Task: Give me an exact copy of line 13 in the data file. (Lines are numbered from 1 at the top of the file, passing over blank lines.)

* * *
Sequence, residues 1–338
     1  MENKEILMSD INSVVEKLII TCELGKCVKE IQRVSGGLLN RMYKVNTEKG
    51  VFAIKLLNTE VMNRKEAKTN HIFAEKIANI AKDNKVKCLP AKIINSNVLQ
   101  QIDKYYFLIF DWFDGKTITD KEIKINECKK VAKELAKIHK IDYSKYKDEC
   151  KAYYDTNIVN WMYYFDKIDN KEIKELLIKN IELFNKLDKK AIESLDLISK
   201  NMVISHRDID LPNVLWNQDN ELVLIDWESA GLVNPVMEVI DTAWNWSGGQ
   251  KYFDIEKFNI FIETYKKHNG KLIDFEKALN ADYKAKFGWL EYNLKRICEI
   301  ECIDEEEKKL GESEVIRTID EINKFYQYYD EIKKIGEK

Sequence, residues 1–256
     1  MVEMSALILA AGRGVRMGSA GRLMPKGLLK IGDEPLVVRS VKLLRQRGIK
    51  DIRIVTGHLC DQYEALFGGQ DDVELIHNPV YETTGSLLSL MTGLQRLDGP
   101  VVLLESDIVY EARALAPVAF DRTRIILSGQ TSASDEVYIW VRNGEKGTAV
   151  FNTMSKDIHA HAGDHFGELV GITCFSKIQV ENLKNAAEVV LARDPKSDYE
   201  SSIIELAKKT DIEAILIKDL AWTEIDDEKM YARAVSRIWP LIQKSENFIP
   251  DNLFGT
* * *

   151  FNTMSKDIHA HAGDHFGELV GITCFSKIQV ENLKNAAEVV LARDPKSDYE